By: Keaton Fletcher
A paper recently published in the International Journal of Selection and Assessment by a team of researchers including WSC Advisory Council Member, Deborah Rupp, focuses on an increasingly popular tool that organizations are using to select individuals for hiring or promotion, assessment centers. Assessment centers require participants to engage in a range of prescribed tasks designed to elicit the competencies that will be needed on the job. Trained raters then evaluate the individual across each of these competencies based on what was shown during the task. Despite being resource intensive, assessment centers are useful tools for organizations as they have been shown to predict future job performance, and historically have been viewed as a fairer and/or less biased method of evaluation than other potential tools organizations could use. However, some evidence (Dean, 2008) suggests that assessment centers may not be as free of bias as one might hope. There have been consistent findings to suggest a leniency effect (i.e., willingness to provide higher scores) towards white individuals and women. There has also been some evidence (Schmitt, 1993) to suggest assessment centers may be susceptible to a similar-to-me effect, in that the rater scores participants who are similar to the rater on demographic variables (e.g., race, gender) more favorably. Although combining ratings across multiple raters may help reduce the impact of these issues, Thornton, Rupp, Gibbons, and Vanhove (2019) argued that it is imperative to know if these biases are present even prior to aggregating across raters.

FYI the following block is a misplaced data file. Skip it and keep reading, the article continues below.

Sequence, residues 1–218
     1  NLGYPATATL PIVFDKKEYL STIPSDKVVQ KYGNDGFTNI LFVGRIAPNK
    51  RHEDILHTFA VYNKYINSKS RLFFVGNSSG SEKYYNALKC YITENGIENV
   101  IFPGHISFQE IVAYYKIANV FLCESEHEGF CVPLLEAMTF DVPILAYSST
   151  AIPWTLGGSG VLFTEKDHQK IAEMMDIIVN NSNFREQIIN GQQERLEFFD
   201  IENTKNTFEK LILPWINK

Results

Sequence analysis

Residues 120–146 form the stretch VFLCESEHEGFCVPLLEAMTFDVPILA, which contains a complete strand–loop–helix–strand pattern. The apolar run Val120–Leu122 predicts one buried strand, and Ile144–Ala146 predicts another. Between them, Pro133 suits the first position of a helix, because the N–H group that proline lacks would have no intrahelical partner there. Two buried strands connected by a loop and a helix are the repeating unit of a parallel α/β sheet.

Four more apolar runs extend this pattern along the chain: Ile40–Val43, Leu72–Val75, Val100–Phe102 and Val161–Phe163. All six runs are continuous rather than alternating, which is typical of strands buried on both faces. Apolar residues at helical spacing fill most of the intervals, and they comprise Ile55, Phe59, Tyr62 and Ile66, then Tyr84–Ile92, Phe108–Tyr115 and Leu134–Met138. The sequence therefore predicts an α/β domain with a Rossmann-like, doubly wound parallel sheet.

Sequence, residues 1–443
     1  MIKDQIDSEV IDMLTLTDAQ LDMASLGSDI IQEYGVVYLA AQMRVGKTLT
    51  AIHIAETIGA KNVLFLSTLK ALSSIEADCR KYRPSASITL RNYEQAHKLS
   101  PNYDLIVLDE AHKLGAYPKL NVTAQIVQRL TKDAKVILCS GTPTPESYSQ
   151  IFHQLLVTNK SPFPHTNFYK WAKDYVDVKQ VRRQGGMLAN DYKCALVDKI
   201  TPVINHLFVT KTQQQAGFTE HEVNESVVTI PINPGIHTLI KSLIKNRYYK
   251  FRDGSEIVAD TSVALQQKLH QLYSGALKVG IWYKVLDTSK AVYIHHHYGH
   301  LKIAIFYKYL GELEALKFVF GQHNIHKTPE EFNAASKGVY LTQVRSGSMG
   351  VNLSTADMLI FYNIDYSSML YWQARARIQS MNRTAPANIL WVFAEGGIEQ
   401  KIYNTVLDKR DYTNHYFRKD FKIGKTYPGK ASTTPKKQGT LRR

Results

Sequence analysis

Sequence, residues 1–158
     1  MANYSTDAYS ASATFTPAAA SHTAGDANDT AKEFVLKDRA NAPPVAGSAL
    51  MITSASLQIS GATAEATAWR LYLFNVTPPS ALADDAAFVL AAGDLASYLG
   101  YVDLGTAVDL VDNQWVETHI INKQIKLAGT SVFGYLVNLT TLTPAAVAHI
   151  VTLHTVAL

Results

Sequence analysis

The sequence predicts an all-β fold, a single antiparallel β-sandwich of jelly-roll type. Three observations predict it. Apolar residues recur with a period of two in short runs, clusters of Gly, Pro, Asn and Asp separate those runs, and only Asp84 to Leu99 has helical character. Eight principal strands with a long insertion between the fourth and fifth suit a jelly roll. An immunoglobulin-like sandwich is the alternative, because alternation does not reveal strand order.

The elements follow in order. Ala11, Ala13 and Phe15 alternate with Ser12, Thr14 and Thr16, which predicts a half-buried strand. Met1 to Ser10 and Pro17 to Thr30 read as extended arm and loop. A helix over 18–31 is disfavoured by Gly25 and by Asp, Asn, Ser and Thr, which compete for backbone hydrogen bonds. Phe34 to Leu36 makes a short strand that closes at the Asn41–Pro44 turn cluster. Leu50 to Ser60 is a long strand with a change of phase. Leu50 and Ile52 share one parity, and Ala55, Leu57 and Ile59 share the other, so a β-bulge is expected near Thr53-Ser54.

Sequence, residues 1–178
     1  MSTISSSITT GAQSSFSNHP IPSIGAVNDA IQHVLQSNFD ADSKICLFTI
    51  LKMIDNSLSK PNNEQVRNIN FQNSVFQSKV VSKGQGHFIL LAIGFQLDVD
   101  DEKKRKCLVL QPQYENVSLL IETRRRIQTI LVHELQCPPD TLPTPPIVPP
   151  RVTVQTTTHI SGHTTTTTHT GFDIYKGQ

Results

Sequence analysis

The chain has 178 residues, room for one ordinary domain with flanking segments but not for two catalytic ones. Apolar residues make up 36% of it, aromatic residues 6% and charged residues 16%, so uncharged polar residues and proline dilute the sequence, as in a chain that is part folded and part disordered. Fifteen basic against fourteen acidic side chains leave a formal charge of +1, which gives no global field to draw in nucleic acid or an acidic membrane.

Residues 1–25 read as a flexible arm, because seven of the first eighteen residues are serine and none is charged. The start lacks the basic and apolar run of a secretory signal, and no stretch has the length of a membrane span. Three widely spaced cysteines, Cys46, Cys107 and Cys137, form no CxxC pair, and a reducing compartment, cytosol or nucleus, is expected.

Using data from 189 police officers who were participating in an assessment center for a promotion, Thornton and colleagues (2019) explored how the leniency and similar-to-me effects might appear in the real world. For this particular assessment center, participants completed three different tasks for three separate pairs of judges. The judges were advanced police officers who had received training on the assessment center and were given materials design to minimize potential bias. The results of the study are generally encouraging, suggesting that bias was minimal when it was present. The authors did find some evidence for a leniency effect for white participants across all tasks, and inconsistent findings regarding leniency for women, or similar-to-me effects. Certainly this does not suggest that all assessment centers are free of bias, but should provide some hope that given the appropriate design, rater training and materials, an assessment center may have minimal bias. In minimizing the bias in assessment centers, organizations can increase the diversity in their internal pool of candidates at each level of the organization, creating the potential for succession planning that may facilitate organizational diversity from the executive level, down.